Catechism Before Communion
August 26, 2014 at 3:22pm
All baptized persons, when they come to age and discretion are not admitted to the Lord’s Table; but such only as either upon examination are found to have a competent measure of knowledge in the principles of religion.
– Alexander Henderson, The Government and Order of the Church of Scotland, SWRB reprint, 1997, p. 39
Forasmuch as at the special desire of the Kirk, a [96 question] form of examination before communion was penned and formed by their brother Mr. John Craig, which is now imprinted and allowed by the voice of the Assembly.
– Alexander Peterkin,The Booke of the Universal Kirk of Scotland, 1839, p. 359
Forasmuch as at the special desire of the Kirk, a form of examination before communion was penned and formed by their brother Mr. John Craig, which is now imprinted and allowed by the voice of the Assembly; Therefore, it is thought needful that every Pastor travail with his flock, that they might buy the same book and read it in their families, whereby they may be better instructed, and that the same be read and learned in doctor’s schools in place of the little catechism.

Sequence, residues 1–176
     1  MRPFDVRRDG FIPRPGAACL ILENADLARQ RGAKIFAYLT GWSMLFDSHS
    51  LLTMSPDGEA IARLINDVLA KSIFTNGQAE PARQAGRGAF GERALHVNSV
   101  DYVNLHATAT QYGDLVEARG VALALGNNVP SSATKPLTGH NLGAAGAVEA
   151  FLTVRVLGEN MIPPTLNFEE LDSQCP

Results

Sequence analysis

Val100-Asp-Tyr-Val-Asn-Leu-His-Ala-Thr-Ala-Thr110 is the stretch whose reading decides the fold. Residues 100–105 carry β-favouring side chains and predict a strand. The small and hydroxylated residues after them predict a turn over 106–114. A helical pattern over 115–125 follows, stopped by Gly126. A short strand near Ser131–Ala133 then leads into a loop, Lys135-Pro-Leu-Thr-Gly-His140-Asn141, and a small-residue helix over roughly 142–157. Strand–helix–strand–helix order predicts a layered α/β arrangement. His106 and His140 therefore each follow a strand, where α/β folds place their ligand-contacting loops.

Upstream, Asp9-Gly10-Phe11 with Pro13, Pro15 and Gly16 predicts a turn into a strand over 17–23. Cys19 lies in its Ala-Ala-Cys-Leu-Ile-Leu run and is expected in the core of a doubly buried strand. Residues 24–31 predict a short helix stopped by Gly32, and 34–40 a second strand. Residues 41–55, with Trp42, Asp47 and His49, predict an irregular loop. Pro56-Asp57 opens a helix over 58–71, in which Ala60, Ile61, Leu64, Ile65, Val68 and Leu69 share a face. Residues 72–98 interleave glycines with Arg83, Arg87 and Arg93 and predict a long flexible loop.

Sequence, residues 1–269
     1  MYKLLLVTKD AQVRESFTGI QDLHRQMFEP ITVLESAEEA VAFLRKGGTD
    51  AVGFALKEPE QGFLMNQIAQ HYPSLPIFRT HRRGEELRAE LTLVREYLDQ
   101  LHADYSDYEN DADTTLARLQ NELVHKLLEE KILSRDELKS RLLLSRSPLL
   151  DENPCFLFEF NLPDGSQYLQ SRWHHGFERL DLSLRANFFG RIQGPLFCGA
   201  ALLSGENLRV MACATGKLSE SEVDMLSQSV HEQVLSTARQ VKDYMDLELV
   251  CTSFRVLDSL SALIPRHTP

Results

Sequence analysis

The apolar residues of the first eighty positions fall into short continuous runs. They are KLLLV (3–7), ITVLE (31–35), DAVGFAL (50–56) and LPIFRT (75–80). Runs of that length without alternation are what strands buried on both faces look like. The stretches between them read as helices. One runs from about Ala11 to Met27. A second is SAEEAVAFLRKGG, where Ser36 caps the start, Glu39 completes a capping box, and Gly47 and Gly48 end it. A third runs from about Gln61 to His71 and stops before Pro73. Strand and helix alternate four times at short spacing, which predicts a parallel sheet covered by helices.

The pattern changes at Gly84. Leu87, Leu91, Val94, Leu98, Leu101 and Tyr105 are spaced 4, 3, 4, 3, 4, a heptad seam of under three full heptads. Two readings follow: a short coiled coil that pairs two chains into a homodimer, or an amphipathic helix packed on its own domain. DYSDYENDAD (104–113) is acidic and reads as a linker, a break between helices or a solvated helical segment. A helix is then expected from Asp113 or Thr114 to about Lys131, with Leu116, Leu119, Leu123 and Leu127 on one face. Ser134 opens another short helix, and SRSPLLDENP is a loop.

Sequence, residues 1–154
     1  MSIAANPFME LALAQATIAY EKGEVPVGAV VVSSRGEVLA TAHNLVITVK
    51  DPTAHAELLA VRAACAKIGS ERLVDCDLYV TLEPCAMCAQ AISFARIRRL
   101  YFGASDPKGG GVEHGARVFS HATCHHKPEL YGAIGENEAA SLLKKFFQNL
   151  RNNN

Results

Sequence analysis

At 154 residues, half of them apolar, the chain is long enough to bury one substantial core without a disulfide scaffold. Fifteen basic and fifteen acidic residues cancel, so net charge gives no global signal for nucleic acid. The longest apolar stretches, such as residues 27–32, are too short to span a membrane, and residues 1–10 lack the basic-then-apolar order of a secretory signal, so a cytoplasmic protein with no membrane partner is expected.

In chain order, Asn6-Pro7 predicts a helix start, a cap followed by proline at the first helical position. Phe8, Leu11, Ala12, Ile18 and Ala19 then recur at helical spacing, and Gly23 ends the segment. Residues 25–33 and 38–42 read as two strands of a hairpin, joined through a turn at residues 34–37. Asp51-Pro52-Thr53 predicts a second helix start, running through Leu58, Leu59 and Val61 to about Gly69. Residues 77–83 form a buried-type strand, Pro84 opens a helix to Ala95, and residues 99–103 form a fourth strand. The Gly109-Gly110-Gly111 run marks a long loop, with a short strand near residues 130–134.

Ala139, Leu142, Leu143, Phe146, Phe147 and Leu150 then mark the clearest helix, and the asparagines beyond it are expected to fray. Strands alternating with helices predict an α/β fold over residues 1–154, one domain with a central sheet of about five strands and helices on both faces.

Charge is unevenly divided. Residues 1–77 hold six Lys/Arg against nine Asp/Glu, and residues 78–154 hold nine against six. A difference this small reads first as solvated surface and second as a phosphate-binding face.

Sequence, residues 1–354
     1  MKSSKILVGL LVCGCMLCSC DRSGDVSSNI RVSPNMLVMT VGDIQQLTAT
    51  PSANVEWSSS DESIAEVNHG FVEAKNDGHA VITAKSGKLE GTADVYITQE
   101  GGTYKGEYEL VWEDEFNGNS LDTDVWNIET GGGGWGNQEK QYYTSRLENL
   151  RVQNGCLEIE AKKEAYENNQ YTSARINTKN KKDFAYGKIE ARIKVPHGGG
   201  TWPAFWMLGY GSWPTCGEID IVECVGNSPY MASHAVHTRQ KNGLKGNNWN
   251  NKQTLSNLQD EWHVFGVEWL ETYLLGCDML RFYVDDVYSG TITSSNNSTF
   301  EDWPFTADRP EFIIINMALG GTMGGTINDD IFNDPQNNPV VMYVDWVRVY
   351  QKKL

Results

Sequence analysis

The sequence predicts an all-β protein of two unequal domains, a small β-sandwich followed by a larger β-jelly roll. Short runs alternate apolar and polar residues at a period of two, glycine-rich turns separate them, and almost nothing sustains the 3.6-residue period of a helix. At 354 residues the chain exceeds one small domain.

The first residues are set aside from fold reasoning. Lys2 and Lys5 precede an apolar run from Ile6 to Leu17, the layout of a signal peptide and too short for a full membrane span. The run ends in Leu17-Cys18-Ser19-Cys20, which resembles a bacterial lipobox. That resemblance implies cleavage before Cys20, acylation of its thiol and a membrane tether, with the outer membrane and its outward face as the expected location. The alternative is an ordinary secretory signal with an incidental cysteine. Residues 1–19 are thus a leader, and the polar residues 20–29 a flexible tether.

– Alexander Peterkin, The Booke of the Universal Kirk of Scotland, 1839, SWRB reprint, 1997, p. 359
This form of Examination before the Communion, penned by Mr. Craig, was allowed by this Assembly; and ministers willed to recommend it to their flocks, and to families, and to be learned in LectureSchools instead of catechism.
– David Calderwood, The True History of the Church of Scotland, 1678, SWRB reprint, 1997, p. 268
It was the Apostolic practice, and the Old Testament practice before that, to require extensive catechetical instruction before allowing one to partake in the feast of the Lord’s Supper (and the Passover which the Lord’s Supper replaced). It is a certain sign of ecclesiastical degeneration when those poorly informed in the chief doctrines of the scriptures are allowed to partake. And allowing those who knowingly or ignorantly embrace sundry heresies detracts from the unity and health of the church. How can two walk together unless they be agreed?
The early church respected this principle. Accordingly, Schaff records in History of the Christian Church, Vol. 2, p. 255 that two to three years of catechism was the norm before adults could partake. For instance, the council of Elvira alludes to the custom of making it last two years and the civil law fixed it at this (Justinian, Novel. cxliv). And children were typically catechized several years before partaking some time beginning after the age of twelve. There had to be an understanding of the chief doctrines through catechetical instruction, an assent to them, and a profession to follow Christ as personal Lord and Savior by seeking to live consistent with the doctrines. “Catechumen” was the term in the early Church assigned to those undergoing a course of preparation for the purpose of partaking of the Lord’s Supper.